“Shakespeare is for Everyone”

Teaching Regional Productions through the Digital Performance Archive


  • Jayme M. Yeo Belmont University


Shakespeare, digital pedagogy, archives, digital humanities, regional theater, regional Shakespeare


Over the past decade, local live productions of Shakespeare have become increasingly visible to scholars and audiences alike, both through critical work on the subject as well as through public projects such as Shakespeare on the Road. This visibility highlights the cultural and artistic work of regional theatre. On the one hand, local live productions celebrate regional culture through visual or aural appropriation: original music written by local artists, or an iconic building recreated in the set. On the other hand, these shows also expand and sometimes challenge our sense of Shakespeare’s work through these local appropriations. And yet, despite recent interest in local live productions, there is a curious lack of scholarship on how we might encourage students to understand and appreciate regional productions of Shakespeare.


This article explores one way to engage students in regional Shakespeare through discussing the Nashville Shakespeare Performance Archive, a student-curated online archive of local productions that has been a feature of Shakespeare classes at Belmont University in Nashville since 2016. Funded by a micro-grant from the Folger Institute, this project enables our students to collect artefacts from the Nashville Shakespeare Festival’s annual performances and curate them into a suite of webpages each year that includes video footage, interviews, photos, musical scores, set models, costume sketches, and other elements of the production. This article overviews the early years of the project and explores a recent redesign that more directly challenged student assumptions about what constitutes a performance of “Shakespeare.”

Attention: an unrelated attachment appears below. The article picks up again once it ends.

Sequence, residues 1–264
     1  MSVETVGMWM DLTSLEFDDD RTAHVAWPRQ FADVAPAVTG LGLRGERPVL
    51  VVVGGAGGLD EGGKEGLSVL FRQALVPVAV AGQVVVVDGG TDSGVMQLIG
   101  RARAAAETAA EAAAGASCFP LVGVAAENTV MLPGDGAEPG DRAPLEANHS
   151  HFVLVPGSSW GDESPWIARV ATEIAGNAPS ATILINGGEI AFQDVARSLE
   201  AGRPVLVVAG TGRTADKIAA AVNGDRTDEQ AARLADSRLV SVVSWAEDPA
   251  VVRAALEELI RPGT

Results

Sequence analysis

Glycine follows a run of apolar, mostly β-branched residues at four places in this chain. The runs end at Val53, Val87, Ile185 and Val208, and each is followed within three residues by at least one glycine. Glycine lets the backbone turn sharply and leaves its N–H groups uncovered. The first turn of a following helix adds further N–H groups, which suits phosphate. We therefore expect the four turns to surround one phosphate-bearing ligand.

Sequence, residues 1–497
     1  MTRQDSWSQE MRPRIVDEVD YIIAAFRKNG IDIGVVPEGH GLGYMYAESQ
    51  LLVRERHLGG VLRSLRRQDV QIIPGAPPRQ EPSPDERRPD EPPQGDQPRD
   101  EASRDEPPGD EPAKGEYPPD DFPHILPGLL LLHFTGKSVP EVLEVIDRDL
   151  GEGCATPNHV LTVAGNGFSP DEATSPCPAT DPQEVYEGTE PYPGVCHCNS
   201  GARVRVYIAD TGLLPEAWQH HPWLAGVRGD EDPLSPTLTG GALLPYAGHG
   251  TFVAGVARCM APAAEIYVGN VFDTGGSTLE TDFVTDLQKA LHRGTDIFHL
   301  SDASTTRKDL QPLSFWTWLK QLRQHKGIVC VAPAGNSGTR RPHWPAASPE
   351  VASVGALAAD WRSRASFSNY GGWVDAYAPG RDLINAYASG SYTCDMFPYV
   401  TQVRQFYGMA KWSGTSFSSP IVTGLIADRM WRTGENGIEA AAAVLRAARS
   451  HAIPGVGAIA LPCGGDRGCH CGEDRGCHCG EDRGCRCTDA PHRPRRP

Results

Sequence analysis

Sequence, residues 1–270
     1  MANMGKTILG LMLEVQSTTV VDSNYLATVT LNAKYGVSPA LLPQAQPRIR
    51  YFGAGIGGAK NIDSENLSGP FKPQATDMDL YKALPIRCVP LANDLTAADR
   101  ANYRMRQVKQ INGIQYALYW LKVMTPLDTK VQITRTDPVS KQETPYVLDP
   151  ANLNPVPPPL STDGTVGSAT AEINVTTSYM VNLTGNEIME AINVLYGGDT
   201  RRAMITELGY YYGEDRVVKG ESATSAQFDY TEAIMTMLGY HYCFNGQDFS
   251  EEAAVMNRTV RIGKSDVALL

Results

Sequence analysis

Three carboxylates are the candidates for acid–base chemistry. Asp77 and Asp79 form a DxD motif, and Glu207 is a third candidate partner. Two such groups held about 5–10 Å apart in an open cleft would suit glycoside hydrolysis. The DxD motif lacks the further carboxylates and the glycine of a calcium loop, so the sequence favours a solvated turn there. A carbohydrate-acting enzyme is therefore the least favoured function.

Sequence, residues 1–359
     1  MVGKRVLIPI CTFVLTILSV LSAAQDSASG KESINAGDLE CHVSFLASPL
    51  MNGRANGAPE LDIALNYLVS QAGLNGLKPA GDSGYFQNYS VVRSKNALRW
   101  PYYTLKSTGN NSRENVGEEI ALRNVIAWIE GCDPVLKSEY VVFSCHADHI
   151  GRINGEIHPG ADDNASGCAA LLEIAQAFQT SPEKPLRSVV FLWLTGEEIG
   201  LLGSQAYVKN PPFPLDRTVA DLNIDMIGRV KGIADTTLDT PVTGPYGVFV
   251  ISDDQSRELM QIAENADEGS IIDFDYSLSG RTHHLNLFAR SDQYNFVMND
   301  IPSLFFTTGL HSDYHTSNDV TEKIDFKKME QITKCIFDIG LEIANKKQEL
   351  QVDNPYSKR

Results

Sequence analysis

Ultimately, this article makes the argument that a student-curated archive has the potential to slow students down in their encounters with local live theatre, helping them to identify a show’s contributions to local artistic identity and challenge their notion of Shakespearean "authenticity."

Author Biography

  • Jayme M. Yeo, Belmont University

    Jayme M. Yeo is Associate Professor of English at Belmont University in Nashville, TN. Her work centers on emotional communities in early modern literature, contemporary regional US performance, and the public humanities. Her articles have appeared in Intersections: Yearbook for Early Modern Studies, Literature and Theology, Exemplaria, and Shakespeare Bulletin. She has received grants from the Folger Shakespeare Library and the Whiting Foundation and is co-editor with Marissa Greenburg of the Internet Shakespeare Edition’s The Comedy of Errors.